As many readers of mine already know, I am not a big fan of mainstream financial media. I think most of what is offered on CNBC and other outlets does more to clutter and confuse the mind rather than provide insight and clarity. I have, for the most part, eliminated watching these types of investment shows from my routine. Where I have made a notable exception is for RealVision TV.
'RealVision TV is a subscription - based video-on-demand channel for investing, where the world’s best investors share their ideas. In essence, they are the Netflix of Finance. Their content features exclusive in-depth interviews and presentations from the world’s sharpest independent analysts, fund managers, investors and economists. Fresh content is released several times each week and subscribers also have access to the ever-expanding video vault. RealVision presents its viewers with the very best economic information and financial insight available and then allows them to make up their own minds.
RealVision is the brainchild of co-founders Raoul Pal and Grant Williams. Pal, an economist and strategist, has been a semi-regular guest on CNBC. Grant Williams has 30 years of finance / trading experience mostly on the trading desks of Singapore and Hong Kong.
I have been a subscriber of RealVision TV for almost a year. At $365 / year it isn't particularly cheap but I still find it offers a nice value. As long-time readers of mine know, I get great inspiration and knowledge reading about Market Wizards. RealVision offers me the opportunity to tune into the Market Wizards of today and listen to what they have to say. I mean, where else would you get to hear an hour long interview with Jeff Gundlach or Kyle Bass? RealVision has also introduced me to many titans of the trading world that I'd never heard of before. I've learned so much listening both to their perspectives on the world and them describe their trading processes.
RealVision does a nice job of covering a diverse cross-section of the investment landscape from precious metals, equities, bonds, portfolio construction, monetary & fiscal policy, commodities and currencies. There is certainly something for everyone at RealVision. Best of all there does not seem to be a hidden or obvious agenda here. Certainly guests have opinions and freely share them, but they are not out there trying to sell anything. Viewers are left to make up their own minds without any arm twisting. The site keeps content fresh by adding 2-3 lengthy interviews each week. The site also offers a searchable database of content which is handy when you find a guest or topic that you'd like to dig deeper on.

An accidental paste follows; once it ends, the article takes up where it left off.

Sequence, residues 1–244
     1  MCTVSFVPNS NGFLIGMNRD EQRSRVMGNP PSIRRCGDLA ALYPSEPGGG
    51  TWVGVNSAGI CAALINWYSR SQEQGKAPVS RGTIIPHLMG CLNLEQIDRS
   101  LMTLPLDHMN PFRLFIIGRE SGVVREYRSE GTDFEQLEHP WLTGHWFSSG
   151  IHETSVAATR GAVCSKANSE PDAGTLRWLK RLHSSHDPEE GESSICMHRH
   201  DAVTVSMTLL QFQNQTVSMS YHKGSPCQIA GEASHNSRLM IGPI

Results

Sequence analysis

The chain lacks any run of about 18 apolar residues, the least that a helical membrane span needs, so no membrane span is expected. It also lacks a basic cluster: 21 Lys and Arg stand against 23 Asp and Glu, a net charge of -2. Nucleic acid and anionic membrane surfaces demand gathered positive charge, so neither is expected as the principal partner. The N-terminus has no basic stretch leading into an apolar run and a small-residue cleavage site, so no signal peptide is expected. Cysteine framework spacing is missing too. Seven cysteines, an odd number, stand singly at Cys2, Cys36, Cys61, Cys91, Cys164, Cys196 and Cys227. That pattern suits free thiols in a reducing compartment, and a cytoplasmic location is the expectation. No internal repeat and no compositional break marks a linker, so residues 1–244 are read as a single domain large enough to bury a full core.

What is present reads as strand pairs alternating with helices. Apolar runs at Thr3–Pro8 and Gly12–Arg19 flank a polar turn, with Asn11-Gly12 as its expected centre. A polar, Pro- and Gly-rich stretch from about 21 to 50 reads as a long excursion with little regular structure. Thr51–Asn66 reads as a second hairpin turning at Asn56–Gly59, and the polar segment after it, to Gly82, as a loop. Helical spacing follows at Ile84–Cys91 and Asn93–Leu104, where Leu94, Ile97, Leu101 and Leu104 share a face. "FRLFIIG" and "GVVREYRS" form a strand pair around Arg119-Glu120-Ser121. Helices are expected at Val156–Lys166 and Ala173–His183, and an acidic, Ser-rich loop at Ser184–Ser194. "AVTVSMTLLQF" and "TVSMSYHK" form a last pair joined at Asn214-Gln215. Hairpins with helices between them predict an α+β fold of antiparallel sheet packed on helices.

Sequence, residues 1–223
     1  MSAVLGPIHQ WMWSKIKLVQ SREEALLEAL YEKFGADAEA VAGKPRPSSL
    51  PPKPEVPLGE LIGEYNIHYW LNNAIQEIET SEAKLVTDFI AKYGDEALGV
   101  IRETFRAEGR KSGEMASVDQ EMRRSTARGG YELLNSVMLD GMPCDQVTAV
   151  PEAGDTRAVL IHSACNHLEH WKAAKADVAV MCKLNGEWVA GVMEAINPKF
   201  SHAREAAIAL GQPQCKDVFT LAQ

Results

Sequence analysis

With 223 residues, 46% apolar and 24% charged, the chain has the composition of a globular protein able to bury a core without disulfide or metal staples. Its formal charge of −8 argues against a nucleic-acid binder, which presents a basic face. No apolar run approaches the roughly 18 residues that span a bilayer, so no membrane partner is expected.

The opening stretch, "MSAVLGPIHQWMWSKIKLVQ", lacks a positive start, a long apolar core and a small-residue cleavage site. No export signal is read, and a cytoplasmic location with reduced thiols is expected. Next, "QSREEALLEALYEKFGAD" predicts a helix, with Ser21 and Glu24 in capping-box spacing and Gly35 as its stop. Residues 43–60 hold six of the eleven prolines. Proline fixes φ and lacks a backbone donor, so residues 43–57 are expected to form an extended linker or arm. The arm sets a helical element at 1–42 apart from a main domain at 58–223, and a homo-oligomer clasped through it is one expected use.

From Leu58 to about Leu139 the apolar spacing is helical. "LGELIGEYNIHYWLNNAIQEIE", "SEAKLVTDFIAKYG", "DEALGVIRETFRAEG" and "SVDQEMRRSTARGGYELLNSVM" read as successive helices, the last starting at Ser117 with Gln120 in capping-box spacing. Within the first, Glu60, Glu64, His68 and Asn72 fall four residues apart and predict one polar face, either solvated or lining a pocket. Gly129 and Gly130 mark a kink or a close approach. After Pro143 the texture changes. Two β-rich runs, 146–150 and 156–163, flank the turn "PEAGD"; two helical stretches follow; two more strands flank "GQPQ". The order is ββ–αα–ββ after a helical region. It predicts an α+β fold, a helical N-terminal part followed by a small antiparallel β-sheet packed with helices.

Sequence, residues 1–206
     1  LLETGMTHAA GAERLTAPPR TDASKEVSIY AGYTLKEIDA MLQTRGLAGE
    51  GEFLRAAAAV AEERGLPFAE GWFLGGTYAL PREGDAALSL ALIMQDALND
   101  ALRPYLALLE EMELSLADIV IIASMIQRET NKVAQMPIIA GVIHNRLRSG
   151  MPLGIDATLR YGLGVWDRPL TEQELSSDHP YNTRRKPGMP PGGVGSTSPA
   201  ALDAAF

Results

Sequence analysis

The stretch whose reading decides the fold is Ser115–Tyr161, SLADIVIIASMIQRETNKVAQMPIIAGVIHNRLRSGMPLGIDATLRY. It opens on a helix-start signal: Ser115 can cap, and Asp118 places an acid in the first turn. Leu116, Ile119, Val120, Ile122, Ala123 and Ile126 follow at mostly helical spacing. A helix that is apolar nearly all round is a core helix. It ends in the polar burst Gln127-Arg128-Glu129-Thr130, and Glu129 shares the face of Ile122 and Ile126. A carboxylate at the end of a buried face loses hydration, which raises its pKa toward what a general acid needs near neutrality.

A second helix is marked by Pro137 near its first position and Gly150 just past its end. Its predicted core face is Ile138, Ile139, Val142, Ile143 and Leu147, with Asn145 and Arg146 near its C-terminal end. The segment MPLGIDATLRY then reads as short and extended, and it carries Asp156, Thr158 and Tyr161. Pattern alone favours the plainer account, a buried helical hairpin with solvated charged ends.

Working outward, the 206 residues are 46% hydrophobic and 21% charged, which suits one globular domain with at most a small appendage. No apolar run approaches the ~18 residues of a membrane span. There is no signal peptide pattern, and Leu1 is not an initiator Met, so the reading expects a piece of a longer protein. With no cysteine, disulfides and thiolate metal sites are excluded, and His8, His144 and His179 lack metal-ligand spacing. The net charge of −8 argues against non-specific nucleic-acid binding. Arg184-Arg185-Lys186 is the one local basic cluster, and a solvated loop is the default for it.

If however you are looking for specific trade ideas I think you would be disappointed. The most you are going to get is that, for instance, Kyle Bass is bearish on China. He will lay out his thesis with nice detail but he isnt going to tell you exactly how to short the Yuan or the Chinese financial sector. The site offers much in the way of global macro trends and trading ideas which for me is a useful addition to my primarily technical approach.
My subscription to RealVision TV will be up for renewal soon. I plan to re-up for another year.
RealVision offers a free one -week trial, but after that, they ask you to pony up for a full year in advance. It would be nice if they offered a pay as you go subscription but that is mostly nit-picking around the edges.
You can find out more by visiting their website: www.realvision.com/trial/regular
Disclosure: I received no compensation from RealVision TV for this endorsement.
The $TED spread is the difference between the 3 month LIBOR rate and the 3 month T-Bill rate. The TED spread is a proxy for perceived inter-bank credit and liquidity risk. As you can see, in 2008-09 the TED spread ballooned as credit markets locked up and liquidity dried up.
Today, the $TED spread stands at its highest level since 2009. Additionally, the volatility in the spread is increasingly getting jiggy as the steepness of the ascent sharpens. The why's, what-fors, and how comes are way above my pay grade but I can say for sure it is not a data point that can be ignored.